In July, we expected UK pig meat production to reach 989,000* tonnes in 2020, which if realised, would be a near 4% increase compared to 2019 levels. This was due to a cumulative effect of heavier carcase weights and higher slaughter levels.

In Q2, we had anticipated that production would reach about 231,000 tonnes*, a 1% increase on the year. Actual production came in quite similar to this at 228,000 tonnes, though this was slightly below 2019 levels.

Meanwhile in Q3, UK pig meat production reached 245,000 tonnes*, 4% higher than the same period in the previous year. While this is in line with what we were expecting, the growth has come from a more significant uplift in carcase weights, rather than throughputs, which is where we had expected the growth to come from.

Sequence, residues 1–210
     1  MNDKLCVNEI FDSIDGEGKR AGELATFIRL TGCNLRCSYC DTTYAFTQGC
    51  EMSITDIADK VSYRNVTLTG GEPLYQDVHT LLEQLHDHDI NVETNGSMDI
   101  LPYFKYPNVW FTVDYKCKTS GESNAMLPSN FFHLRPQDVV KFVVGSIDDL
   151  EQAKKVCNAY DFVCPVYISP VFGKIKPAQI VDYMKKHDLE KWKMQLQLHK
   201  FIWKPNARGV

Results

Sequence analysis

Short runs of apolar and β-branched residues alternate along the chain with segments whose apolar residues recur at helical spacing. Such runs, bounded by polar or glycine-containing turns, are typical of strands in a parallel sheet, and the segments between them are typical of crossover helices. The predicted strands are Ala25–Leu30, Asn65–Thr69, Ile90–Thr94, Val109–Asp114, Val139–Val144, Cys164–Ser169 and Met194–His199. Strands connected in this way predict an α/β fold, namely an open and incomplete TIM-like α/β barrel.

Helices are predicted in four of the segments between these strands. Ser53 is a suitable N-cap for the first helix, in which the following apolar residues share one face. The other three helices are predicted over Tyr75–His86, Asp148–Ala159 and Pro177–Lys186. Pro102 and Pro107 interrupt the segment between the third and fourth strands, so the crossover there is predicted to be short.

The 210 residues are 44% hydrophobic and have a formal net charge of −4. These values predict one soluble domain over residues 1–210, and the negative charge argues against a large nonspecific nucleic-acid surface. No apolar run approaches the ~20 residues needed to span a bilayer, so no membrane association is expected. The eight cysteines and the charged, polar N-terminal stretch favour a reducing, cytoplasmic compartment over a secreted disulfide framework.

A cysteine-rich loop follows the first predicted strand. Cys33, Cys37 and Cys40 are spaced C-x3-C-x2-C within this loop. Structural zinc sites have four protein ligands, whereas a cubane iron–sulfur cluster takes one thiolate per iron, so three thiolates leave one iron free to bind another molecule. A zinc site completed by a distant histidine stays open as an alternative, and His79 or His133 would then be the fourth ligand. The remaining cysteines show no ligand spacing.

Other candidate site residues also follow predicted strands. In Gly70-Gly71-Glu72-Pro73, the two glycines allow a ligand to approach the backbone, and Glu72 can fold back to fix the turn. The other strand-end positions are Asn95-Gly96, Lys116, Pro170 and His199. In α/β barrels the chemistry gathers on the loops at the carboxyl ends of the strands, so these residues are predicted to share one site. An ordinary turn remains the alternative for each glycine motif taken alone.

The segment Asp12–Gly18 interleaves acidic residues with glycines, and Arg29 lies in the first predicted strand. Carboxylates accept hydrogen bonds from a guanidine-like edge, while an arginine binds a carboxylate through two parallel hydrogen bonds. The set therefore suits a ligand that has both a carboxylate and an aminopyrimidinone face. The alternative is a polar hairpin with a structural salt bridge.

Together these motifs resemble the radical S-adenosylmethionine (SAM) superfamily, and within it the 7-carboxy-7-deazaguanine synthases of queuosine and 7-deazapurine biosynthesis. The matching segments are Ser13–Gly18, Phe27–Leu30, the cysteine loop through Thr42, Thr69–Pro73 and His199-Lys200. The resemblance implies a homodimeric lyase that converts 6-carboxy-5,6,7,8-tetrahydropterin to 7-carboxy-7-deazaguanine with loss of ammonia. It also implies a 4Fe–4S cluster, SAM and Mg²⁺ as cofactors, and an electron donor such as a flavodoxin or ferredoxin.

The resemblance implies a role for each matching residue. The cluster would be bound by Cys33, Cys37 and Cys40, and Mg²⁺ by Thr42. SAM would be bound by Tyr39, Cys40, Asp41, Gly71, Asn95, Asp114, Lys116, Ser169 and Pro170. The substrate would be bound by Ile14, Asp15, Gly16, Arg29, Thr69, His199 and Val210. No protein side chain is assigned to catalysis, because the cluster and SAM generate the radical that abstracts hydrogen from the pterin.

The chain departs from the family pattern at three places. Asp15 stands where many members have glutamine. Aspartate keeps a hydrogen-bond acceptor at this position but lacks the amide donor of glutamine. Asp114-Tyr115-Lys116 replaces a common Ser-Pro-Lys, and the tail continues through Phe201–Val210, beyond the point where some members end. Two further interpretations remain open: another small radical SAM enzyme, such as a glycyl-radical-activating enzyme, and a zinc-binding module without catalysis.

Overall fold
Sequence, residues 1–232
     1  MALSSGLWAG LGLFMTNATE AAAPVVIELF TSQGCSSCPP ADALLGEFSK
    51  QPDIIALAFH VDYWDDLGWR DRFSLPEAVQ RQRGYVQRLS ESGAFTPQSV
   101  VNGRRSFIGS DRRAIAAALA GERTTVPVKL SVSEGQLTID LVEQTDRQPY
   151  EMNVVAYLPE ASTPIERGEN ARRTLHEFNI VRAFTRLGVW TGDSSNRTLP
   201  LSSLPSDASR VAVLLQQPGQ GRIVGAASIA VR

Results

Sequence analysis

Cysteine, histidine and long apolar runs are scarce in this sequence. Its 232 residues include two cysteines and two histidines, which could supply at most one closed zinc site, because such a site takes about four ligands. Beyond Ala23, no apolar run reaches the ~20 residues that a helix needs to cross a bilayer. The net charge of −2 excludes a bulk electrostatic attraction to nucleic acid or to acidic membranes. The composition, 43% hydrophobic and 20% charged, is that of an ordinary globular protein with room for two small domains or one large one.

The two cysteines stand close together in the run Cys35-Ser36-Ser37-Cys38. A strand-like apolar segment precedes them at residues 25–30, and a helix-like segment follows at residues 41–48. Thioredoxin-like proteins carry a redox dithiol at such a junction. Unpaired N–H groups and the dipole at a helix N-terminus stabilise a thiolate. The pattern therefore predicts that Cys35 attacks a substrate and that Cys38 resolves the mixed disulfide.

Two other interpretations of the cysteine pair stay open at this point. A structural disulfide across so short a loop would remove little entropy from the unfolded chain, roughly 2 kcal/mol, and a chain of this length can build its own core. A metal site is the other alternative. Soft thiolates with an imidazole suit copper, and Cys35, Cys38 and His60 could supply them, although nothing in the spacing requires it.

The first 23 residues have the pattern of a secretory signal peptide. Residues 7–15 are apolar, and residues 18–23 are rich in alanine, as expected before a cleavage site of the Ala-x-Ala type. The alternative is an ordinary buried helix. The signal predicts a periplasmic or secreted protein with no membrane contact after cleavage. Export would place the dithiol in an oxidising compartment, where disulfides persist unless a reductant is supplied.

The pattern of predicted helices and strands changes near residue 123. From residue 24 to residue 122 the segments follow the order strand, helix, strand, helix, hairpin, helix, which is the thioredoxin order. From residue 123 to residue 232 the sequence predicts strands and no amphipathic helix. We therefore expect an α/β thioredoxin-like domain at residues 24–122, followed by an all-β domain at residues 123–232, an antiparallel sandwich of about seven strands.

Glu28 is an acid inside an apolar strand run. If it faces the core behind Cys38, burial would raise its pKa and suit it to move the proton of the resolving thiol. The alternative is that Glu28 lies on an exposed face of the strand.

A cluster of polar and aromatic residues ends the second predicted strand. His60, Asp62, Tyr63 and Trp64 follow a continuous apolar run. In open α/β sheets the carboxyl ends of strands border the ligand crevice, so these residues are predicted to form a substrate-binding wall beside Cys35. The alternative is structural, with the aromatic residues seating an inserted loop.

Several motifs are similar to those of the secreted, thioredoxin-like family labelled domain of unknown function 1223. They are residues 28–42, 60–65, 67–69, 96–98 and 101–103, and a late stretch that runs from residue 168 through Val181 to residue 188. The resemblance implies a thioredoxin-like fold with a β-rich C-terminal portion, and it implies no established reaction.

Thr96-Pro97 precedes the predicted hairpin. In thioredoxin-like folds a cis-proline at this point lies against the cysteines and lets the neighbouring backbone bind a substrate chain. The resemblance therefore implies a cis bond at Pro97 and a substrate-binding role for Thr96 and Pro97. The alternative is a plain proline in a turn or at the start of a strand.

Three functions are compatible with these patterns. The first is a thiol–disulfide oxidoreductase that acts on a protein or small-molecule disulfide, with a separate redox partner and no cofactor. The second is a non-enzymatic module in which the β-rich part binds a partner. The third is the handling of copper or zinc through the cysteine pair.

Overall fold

In our July forecast, we expected that UK pig meat exports would increase in the region of 6% in 2020, to 307,000 tonnes carcase weight equivalent. This was mainly due to the ongoing opportunities that the Chinese market continues to offer. The export market has performed similarly to expectations. In the year to August, the UK has exported 196,000 tonnes (carcase weight equivalent) of pig meat. This is 4% more than in the same period during the previous year.

Back in July, we forecast that UK pig meat imports this year would be down in the region of 5%, at 898,000 tonnes. This was mainly due to expectations of lower overall demand in the wake of the coronavirus pandemic and limited supply availability in Europe as product is directed to China.

In the first half of the year, we estimate UK pig meat imports totalled 434,000 tonnes carcase weight equivalent**. This is 10% less than in the same period last year. Full data for the third quarter is not available yet, but so far it also seems that volumes will be lower than we expected. It may be that the logistical disruption caused by the first wave of the pandemic was larger than we had anticipated.